Joined: Nov 17, 2009
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February 9th, 2012 at 12:09:50 PM permalink
According to an AP article on the ESPN website, a camel in New Jersey went 15-6 this year, including a correct pick of the Giants over the Pats in the Superbowl. With that win, the camel is now 89-51 lifetime.

Would a proper analysis of whether the camel is better than a coin flip need to include the spreads on each game picked? Or is it enought that the expected random results should be divided 50/50?

If the expected result is 50/50, is the camel's record significantly better than random?
Simplicity is the ultimate sophistication - Leonardo da Vinci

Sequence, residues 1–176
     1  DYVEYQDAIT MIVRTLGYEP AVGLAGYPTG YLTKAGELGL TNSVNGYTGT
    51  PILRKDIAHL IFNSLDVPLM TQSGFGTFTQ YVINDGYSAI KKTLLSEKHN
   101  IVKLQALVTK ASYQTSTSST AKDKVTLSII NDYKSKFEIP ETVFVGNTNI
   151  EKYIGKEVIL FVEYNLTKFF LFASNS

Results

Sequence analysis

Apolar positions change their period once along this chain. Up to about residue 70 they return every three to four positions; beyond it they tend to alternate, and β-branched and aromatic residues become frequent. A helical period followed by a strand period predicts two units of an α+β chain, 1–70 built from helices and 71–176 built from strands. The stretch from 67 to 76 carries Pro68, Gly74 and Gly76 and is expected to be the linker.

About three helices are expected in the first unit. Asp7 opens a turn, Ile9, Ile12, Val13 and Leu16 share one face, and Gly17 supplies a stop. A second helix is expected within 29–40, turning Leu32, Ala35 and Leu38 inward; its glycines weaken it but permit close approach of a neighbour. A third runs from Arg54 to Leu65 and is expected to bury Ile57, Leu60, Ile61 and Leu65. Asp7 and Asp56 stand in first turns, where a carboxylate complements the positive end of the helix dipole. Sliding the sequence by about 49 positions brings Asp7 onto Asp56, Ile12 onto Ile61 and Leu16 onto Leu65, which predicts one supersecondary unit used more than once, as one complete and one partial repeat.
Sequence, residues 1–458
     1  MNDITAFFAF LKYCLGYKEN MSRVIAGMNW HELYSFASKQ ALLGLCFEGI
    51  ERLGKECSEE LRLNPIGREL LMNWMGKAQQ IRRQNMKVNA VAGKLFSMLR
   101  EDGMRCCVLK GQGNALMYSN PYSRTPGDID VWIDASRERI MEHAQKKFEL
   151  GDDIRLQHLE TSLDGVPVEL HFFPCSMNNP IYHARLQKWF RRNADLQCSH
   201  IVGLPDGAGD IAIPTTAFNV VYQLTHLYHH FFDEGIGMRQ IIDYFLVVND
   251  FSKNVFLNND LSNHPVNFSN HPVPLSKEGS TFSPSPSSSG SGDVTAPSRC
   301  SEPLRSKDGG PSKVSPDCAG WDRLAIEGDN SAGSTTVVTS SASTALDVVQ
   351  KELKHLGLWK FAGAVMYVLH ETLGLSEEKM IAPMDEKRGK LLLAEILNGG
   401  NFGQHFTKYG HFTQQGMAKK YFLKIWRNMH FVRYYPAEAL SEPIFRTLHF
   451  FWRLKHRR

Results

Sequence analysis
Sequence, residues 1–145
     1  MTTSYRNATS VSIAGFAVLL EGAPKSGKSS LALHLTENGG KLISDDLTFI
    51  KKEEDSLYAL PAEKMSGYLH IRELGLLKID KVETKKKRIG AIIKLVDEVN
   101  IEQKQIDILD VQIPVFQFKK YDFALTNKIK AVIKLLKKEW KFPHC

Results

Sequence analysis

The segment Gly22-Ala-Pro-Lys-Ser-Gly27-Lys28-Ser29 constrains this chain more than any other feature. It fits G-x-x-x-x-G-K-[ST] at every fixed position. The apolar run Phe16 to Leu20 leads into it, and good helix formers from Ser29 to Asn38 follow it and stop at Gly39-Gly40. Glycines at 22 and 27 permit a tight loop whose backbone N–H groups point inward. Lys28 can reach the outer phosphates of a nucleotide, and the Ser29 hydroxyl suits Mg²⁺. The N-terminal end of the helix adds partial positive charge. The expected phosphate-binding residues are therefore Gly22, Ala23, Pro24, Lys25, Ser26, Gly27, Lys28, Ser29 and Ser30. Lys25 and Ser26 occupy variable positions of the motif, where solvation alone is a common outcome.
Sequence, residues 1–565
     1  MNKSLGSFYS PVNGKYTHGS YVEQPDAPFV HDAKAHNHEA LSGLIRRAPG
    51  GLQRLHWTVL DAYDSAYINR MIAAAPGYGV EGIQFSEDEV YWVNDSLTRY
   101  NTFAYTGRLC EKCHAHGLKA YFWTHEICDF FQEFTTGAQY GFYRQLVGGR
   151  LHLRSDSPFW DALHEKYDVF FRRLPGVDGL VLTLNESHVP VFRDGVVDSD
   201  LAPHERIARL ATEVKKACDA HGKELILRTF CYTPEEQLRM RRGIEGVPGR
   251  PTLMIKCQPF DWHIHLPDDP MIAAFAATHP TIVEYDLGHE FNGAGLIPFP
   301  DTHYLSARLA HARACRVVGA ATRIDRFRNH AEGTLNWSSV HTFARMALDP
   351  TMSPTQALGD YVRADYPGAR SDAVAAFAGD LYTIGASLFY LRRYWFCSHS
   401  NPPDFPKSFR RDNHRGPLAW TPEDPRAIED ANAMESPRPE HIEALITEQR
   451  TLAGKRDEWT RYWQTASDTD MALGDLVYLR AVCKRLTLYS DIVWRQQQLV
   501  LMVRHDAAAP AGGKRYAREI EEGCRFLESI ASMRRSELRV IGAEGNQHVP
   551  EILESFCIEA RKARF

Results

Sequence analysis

Joined: Oct 14, 2009
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February 9th, 2012 at 12:27:08 PM permalink
According to my math, the odds of luck this good or better are 1 in 931. That is using the binary distribution, not a Gaussian estimate.

As long as he was randomly picking then his odds wouldn't matter whether it was against the spread or straight up.

If I ran a zoo I would have every single animal make such picks. One of them would probably finish with a record this good and give the zoo some good free publicity.
It's not whether you win or lose; it's whether or not you had a good bet.

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